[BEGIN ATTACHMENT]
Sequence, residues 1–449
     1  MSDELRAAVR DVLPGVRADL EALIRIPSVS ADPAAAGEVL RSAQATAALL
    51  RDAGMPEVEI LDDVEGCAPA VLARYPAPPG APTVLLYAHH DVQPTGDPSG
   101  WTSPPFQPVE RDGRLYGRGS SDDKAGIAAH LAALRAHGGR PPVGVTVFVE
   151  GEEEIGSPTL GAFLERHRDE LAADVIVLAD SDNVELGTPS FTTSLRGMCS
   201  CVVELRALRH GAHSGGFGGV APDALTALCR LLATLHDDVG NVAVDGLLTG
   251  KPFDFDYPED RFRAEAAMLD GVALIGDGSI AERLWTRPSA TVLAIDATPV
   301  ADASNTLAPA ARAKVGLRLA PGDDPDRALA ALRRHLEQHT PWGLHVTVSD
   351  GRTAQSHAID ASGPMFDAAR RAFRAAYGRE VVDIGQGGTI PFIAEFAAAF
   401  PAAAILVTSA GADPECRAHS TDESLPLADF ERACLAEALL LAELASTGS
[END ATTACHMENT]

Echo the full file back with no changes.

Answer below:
Sequence, residues 1–449
     1  MSDELRAAVR DVLPGVRADL EALIRIPSVS ADPAAAGEVL RSAQATAALL
    51  RDAGMPEVEI LDDVEGCAPA VLARYPAPPG APTVLLYAHH DVQPTGDPSG
   101  WTSPPFQPVE RDGRLYGRGS SDDKAGIAAH LAALRAHGGR PPVGVTVFVE
   151  GEEEIGSPTL GAFLERHRDE LAADVIVLAD SDNVELGTPS FTTSLRGMCS
   201  CVVELRALRH GAHSGGFGGV APDALTALCR LLATLHDDVG NVAVDGLLTG
   251  KPFDFDYPED RFRAEAAMLD GVALIGDGSI AERLWTRPSA TVLAIDATPV
   301  ADASNTLAPA ARAKVGLRLA PGDDPDRALA ALRRHLEQHT PWGLHVTVSD
   351  GRTAQSHAID ASGPMFDAAR RAFRAAYGRE VVDIGQGGTI PFIAEFAAAF
   401  PAAAILVTSA GADPECRAHS TDESLPLADF ERACLAEALL LAELASTGS